The Motley Fool Discussion Boards
Politics & Current Events / Political Asylum
|Subject: Re: I HAVE LEUKEMIA .... NO BS, JUST FACT||Date: 4/30/2013 10:51 AM|
|Author: PosFCF||Number: 1874190 of 2131850|
I will keep you updated, but I did not expect to be a guinea pig for Obamacare
Thanks all you liberals who delivered this mess to me.
Bears ... NO BS
Thought you might be able to find some answers here:
Grandfathered Health Plans
What This Means for You
If you have health coverage from a plan that existed on March 23, 2010 — and that has covered at least one person continuously from that day forward — your plan may be considered a “grandfathered” plan.
This is true whether you are covered by an individual health insurance policy that you had on that date, or you are covered by a job-based health plan that your employer established before March 23, 2010. This is true even if you enrolled in that job-based plan sometime later.
A grandfathered health plan isn’t required to comply with some of the consumer protections of the Affordable Care Act that apply to other health plans that are not grandfathered.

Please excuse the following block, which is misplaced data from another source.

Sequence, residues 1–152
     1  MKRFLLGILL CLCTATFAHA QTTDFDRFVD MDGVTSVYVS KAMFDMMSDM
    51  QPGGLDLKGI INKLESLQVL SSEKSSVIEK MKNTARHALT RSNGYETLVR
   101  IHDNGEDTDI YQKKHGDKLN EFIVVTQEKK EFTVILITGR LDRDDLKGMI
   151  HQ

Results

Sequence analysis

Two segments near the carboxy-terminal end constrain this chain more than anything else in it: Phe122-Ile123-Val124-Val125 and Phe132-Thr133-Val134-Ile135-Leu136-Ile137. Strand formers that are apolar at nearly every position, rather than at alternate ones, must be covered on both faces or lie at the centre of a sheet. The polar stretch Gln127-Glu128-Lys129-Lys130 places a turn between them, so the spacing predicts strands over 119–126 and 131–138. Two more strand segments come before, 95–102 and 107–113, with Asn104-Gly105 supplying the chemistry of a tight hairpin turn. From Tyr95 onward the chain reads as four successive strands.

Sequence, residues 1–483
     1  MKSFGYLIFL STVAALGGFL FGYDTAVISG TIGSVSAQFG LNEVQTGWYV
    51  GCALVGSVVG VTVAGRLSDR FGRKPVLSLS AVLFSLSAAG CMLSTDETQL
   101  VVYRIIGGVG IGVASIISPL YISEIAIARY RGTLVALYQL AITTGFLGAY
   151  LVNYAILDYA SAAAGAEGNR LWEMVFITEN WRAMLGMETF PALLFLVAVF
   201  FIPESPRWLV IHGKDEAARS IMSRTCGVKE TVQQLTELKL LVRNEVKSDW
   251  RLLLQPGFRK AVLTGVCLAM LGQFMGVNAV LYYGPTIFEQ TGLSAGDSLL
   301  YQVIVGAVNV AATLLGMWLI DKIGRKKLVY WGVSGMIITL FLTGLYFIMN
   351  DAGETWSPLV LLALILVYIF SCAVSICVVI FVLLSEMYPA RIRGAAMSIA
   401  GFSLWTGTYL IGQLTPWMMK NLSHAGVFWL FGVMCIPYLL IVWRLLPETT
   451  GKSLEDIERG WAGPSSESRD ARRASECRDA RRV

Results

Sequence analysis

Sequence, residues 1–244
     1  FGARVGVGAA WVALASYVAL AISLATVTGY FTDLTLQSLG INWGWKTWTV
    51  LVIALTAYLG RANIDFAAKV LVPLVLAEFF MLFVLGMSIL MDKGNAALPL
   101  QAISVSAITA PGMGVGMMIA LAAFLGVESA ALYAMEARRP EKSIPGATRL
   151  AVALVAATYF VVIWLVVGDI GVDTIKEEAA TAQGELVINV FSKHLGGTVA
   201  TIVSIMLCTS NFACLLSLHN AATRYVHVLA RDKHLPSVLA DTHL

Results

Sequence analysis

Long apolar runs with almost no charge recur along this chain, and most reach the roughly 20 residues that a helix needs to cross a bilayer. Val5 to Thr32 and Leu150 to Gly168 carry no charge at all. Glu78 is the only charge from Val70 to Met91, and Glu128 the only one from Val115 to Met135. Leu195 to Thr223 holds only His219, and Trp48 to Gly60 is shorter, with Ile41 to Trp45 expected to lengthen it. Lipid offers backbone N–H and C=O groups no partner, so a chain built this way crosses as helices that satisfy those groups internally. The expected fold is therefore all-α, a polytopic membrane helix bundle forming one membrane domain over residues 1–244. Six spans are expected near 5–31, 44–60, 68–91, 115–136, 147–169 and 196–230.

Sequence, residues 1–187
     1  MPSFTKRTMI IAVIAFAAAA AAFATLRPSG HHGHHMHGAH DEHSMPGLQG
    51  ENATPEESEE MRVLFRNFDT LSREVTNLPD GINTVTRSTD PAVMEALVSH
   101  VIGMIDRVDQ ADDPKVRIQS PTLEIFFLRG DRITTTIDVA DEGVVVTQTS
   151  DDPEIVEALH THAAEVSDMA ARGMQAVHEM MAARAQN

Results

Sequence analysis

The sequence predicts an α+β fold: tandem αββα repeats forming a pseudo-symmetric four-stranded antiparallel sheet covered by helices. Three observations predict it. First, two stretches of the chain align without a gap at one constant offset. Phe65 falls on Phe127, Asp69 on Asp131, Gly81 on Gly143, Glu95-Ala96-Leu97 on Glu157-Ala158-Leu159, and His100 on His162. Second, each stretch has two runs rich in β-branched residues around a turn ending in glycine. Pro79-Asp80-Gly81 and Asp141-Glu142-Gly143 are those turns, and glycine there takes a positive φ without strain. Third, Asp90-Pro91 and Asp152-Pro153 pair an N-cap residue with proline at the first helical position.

Here’s a look at which consumer protections do and don’t apply to grandfathered plans:
Consumer Protections in the Health Care Law that DO Apply to Grandfathered Plans
Many of the law’s consumer protections that took effect on September 23, 2010 apply to all plans, whether they are grandfathered or not.
Please note that these consumer protections will be added to your plan when it begins a new plan year or policy year on or after September 23, 2010.
ALL health plans:
are prohibited from applying lifetime dollar limits to key health benefits.
are not permitted to cancel your insurance coverage solely because of an honest mistake that you or your employer made on your insurance application.
must extend dependent coverage to your adult children until they turn 26 years old with one temporary exception. (Until 2014, grandfathered group plans do not have to offer dependent coverage up to age 26 if a young adult is eligible for group coverage outside their parent’s plan)
I thought the no lifetime cap on coverage portion of the ACA act might be of particular interest to you if you have to undergo extensive and repeated chemo therapy as some of my friends have had to do.
|Copyright 1996-2017 trademark and the "Fool" logo is a trademark of The Motley Fool, Inc. Contact Us|